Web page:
The Army, in coordination with the Marine Corps, is developing new ways to fight in a “multi-domain” environment and to synchronize capabilities seamlessly across land, air, sea, space and cyber. The Air Force is pursuing a similar effort called multi-domain command and control.

But part of bringing these capabilities together could lead to breaking down silos between the services and creating a more collaborative, joint effort throughout the Department of Defense than exists today.

During a recent symposium on multi-domain operations, one participant raised concerns about how this might play out.

“Are we willing to dismantle things like the [marine air ground task force], carrier strike group,” or other similar service-specific constructs in favor of a joint multi-domain construct, the person asked.

The symposium was held by the Army this week with participants from across the joint force, multi-national partners, industry and academia. C4ISRNET attended the event, which was conducted under Chatham House rules, meaning the comments by participants were not for attribution to allow for freer discussion.

Multi-domain operations also challenge the idea that combatant commands are responsible for seeing a battlefield theater in its entirety.

Capabilities such as space, cyber and information transcend these geographic boundaries and formations. One participant noted that when nominating space or cyber targets for a specific mission, those targets might be outside the mission area if they are in space or if DoD is conducting command and control remotely.

As such, military leaders must start thinking about whether current operational command and control constructs are correct and how certain capabilities can operate independently of joint commands, some participants said.

So-called multi-domain capabilities should be core to the military’s work as opposed to sporadically peppered into operations, participants said.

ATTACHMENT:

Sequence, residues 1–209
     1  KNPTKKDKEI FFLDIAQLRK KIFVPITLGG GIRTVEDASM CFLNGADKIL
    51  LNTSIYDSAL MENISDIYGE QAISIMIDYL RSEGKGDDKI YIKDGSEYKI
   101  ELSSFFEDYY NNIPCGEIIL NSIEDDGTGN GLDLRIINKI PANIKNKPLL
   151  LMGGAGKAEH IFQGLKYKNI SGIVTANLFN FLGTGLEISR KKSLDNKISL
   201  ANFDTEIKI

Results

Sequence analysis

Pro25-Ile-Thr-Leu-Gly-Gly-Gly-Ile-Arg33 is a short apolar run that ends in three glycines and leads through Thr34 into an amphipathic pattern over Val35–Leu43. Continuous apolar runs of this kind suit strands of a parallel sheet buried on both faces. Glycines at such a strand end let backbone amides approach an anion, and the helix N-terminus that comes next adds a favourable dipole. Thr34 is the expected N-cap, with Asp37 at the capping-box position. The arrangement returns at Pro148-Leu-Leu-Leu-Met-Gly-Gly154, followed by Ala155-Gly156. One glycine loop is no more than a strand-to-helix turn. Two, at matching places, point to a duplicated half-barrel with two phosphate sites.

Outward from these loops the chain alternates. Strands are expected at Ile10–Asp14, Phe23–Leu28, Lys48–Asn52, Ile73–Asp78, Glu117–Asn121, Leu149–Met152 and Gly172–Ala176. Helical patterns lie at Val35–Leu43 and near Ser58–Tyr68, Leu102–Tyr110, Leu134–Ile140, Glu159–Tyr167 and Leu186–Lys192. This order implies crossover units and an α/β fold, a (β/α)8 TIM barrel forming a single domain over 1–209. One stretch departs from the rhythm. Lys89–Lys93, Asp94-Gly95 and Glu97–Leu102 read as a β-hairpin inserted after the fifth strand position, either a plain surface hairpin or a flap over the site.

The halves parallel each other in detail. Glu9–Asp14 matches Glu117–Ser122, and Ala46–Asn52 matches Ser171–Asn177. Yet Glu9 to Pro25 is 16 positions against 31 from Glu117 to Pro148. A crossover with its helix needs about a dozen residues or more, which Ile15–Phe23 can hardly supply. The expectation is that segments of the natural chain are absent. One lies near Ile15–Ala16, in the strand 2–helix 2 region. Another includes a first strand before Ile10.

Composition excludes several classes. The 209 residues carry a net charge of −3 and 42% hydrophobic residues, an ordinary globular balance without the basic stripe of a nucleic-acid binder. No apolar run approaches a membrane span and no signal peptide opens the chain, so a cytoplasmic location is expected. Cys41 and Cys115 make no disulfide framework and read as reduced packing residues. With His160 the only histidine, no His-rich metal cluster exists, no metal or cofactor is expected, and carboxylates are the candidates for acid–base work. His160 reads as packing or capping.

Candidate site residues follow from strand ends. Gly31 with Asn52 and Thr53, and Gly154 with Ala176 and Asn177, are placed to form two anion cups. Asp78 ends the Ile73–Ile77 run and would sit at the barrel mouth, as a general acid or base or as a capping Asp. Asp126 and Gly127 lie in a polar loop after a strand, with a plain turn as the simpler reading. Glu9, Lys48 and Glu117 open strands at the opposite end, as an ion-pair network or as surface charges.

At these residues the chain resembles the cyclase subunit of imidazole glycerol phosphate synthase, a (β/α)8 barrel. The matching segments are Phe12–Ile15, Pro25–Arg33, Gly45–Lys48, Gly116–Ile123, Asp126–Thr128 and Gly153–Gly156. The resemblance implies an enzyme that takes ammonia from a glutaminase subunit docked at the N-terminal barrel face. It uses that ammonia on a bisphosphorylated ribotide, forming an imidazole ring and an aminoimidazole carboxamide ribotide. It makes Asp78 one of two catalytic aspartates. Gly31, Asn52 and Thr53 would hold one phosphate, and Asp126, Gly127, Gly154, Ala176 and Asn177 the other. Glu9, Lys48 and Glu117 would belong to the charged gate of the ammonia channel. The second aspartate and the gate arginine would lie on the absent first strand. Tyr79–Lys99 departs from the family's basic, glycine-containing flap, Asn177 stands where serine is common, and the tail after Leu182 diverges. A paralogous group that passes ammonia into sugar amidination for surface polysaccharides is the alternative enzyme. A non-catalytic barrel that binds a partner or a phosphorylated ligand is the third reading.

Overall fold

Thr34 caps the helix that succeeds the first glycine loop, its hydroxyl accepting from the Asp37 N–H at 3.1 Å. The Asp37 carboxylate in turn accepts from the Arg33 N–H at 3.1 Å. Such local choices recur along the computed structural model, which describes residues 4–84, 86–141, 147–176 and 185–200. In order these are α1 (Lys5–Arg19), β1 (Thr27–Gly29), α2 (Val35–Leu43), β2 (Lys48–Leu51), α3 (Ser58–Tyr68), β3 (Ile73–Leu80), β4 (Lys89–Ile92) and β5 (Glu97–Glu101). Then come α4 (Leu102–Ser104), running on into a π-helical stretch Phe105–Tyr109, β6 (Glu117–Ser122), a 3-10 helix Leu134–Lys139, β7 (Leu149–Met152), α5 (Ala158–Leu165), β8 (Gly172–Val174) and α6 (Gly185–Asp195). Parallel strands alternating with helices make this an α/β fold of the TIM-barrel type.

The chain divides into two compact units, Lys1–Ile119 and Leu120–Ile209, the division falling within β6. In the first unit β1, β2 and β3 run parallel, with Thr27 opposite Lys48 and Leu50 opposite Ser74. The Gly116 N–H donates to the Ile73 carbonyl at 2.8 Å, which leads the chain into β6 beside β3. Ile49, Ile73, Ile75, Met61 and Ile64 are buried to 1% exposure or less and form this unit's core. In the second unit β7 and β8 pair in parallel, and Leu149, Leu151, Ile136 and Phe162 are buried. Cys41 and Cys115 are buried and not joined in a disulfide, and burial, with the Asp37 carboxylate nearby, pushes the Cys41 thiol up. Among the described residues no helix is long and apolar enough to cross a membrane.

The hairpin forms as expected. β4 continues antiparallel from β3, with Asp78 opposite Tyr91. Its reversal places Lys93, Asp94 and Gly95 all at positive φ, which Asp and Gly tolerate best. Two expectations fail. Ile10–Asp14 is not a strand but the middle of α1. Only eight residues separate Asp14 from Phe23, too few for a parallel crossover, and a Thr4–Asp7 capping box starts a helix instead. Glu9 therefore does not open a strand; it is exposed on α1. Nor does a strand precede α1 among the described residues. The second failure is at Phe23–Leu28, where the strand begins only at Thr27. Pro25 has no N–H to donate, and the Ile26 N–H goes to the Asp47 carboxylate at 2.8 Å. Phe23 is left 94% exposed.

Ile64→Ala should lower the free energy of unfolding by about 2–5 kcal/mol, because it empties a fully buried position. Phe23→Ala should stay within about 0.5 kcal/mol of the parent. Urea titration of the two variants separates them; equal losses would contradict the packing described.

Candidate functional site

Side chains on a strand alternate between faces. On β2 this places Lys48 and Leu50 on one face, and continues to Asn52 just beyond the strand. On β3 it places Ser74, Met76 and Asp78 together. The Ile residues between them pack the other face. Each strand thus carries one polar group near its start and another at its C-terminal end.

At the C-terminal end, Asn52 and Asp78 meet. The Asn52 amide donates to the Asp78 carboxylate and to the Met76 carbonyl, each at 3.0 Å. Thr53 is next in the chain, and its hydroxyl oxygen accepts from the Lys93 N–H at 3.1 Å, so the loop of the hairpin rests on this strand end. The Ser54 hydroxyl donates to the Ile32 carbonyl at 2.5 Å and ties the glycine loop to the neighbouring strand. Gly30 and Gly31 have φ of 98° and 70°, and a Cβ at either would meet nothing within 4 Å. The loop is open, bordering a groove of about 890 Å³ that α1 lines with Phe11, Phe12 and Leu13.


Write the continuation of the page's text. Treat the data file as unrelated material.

While DoD currently conducts multi-domain operations on occasion, participants noted it’s not in line with the direction the new concept is headed. The current sporadic nature will not be successful against near peer adversaries, they warned.

A prime example is Russia’s operations in Ukraine, which U.S. leaders have taken note of. Operations there have included the non-kinetic location of forces, either through the electromagnetic spectrum based on large command posts that might be leaving behind a large electronic footprint or freewheeling use of radio communication in the field, and then firing missiles upon those forces.

On the U.S. side, the military needs multiple, layered solutions from each service that can be planned and conducted in hours for days and weeks of yield as opposed to weeks of planning for only days of yield.

Gen. Stephen Townsend, commander of Army Training and Doctrine Command, during a March 8 speech at the AFCEA Signal Conference explained the need for more joint buy-in for this concept writ-large.

“The effort we will do over the next year or so will be to get joint partners on and signed up,” he said during the March 8 engagement. “Right now there are only Army signatures on multi-domain concept documents. We want to get other service’s leaders to sign on. We will get there I think but we’ve got to do some work there.”

Townsend added he expects a joint multi-domain concept in the next 18-24 months with joint leaders’ signatures.

Mark Pomerleau is a reporter for C4ISRNET, covering information warfare and cyberspace.

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